Turco specified that the deputy chief he was referring to is Chartrand, who the attorney said was suspended previously for releasing confidential records. Two years ago, Chartrand was suspended for two weeks without pay following a civil-service inquiry into his handling of documents in Fleury’s personnel file.
Last month, Fleury was celebrated by seniors at the Dracut Council on Aging for his integral role in the planning of the monthly Veterans Breakfast. Messages wishing him well in his retirement covered a large poster board with a backdrop of American flags.
In a letter to Duggan dated Aug. 31, Turco wrote that the “purpose of the pending sham investigation is to deny Lt. Fleury the dignity of retiring with the honor and respect he deserves.”
Chartrand last Tuesday referred questions to his attorney, Andrew Gambaccini, who, when reached, called Turco’s statement about Chartrand “complete and utter nonsense.”
“I’m sorry he feels that way,” Duggan said in response to Turco’s statement, “but it was an investigation that was completed with the input from both deputy chiefs. The investigation concluded as a result of where the evidence took them.”
In his own response, Bartlett said, “This investigation was a comprehensive, thorough internal-affairs investigation conducted by two deputy chiefs of police who both sustained that the evidence was overwhelmingly against Lt. Fleury, and I concur with those findings.”
Among the 15 questionable incidents listed in the internal-affairs report are:
n Fleury credited himself with one hour of comp time on Oct. 17, 2017, giving the reason as speaking with the state Department of Children and Families. According to the report, the log indicated one call that day that involved DCF contact, from investigating officer John Quinn at 10:50 a.m. Fleury logged his hours as 8 a.m. to 4:30 p.m. Another lieutenant and sergeant were on duty at 4 p.m.
n Fleury listed 1.5 hours of comp time on Nov. 10, 2017, giving the reason as a late arrest. Fleury logged his hours as 8 a.m. to 5 p.m. Investigators said the log indicated an arrest at 3:28 p.m., for leaving the scene of an accident. That suspect was booked by a sergeant. The booking was completed by 4:45 p.m. On multiple occasions, Fleury cited his reason for remaining on duty a late arrest or the booking of a prisoner, according to investigators. A department directive states that anyone arrested in the last hour of a work shift would be booked by the incoming shift supervisor. Fleury acknowledged to investigators that he is aware of the directive.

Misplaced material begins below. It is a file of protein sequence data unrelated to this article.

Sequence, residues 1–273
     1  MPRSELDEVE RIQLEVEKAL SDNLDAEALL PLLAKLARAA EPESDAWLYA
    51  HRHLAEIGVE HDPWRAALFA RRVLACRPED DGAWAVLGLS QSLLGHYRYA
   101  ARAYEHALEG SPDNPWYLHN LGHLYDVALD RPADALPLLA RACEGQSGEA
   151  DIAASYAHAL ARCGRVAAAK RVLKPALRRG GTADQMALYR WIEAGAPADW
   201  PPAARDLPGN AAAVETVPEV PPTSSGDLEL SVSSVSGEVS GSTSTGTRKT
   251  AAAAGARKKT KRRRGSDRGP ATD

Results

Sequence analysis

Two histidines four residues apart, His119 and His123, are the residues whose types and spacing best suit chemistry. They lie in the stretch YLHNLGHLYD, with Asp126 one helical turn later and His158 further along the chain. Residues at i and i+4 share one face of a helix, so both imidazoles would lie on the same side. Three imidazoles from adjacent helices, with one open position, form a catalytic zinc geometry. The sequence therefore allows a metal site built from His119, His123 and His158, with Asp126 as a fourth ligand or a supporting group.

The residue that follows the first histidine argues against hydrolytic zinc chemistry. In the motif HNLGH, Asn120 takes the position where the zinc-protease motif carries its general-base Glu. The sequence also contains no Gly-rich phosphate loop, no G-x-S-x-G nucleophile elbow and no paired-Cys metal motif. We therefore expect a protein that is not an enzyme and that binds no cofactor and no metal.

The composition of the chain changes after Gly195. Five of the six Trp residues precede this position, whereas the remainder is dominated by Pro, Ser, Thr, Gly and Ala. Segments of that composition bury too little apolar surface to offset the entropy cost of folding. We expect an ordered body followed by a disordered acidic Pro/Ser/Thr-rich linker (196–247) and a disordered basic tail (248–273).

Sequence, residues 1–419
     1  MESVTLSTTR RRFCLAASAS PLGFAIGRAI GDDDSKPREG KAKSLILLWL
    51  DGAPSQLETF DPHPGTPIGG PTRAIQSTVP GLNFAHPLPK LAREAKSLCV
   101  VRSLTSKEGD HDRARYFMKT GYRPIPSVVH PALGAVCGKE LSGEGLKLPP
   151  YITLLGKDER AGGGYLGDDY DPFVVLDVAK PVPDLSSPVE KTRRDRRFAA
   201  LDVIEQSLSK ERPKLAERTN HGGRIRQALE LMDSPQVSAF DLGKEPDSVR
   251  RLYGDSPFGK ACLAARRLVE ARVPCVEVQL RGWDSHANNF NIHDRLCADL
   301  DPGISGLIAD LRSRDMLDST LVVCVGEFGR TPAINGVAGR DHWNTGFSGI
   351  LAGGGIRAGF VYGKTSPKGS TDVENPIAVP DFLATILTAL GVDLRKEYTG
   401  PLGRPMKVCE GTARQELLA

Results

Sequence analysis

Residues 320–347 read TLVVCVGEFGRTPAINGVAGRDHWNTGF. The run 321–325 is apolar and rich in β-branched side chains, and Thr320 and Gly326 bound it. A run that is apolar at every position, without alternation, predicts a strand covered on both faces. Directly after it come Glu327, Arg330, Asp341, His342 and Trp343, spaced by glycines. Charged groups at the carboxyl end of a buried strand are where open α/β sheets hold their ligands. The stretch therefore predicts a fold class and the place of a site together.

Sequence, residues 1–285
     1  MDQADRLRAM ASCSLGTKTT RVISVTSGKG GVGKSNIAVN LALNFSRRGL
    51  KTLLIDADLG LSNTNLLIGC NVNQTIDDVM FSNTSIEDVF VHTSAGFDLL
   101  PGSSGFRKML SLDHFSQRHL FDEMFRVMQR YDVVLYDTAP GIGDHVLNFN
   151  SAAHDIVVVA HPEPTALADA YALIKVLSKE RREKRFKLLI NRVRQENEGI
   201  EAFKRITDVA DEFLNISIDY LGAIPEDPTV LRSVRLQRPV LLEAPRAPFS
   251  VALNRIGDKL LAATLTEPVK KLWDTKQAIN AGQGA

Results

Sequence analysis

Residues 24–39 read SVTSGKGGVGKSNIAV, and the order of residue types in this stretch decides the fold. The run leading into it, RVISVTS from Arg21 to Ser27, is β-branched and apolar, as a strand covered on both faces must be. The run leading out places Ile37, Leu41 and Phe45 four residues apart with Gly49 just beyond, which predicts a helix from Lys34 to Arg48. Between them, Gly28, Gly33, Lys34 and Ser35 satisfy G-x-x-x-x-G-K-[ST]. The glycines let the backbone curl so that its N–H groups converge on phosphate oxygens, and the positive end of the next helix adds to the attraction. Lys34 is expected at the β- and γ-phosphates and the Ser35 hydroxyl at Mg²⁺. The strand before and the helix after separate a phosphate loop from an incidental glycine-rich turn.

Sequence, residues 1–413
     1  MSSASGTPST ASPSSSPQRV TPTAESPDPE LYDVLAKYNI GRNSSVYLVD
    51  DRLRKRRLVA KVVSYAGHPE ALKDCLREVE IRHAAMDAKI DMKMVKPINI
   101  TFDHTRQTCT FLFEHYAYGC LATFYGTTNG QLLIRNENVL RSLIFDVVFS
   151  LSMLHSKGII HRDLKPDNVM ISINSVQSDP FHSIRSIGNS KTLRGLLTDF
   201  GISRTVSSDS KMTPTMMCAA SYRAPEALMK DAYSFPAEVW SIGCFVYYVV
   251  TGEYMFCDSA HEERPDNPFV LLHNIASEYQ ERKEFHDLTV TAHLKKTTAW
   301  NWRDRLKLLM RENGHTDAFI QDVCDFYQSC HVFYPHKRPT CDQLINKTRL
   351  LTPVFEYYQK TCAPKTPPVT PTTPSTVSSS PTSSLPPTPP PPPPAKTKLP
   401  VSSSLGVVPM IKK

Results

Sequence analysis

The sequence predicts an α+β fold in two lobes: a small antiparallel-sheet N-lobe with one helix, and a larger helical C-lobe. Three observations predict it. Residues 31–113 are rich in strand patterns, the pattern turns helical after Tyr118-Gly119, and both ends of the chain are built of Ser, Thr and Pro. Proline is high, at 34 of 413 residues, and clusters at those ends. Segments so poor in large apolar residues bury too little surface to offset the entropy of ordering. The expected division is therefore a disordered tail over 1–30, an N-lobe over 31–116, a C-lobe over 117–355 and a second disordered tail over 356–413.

“Even though Lt. Fleury confirmed he was aware of this rule, he would choose to ignore it, and remain on duty past his scheduled shift to book prisoners and accumulate comp time,” investigators wrote in their report.
“I’m disappointed in the practice that was exercised by the lieutenant, but obviously the chief has put in checks and balances that will make sure that this won’t happen again,” Duggan said.
Bartlett said police supervisors no longer enter in their own work time. Instead, supervisors log in each other’s time.
“The Dracut Police Department is committed to ensuring the public trust, and when it is determined that a member has betrayed that trust, it will be investigated fully, rooted out and dealt with accordingly,” Bartlett said in a statement. “We are looking at this situation as an anomaly; however, we are in the process of reviewing all practices and records to ensure the system’s integrity. This department is made up of dedicated, professional public servants, and this is in no way a reflection of those who come to work every day proudly to do their job.”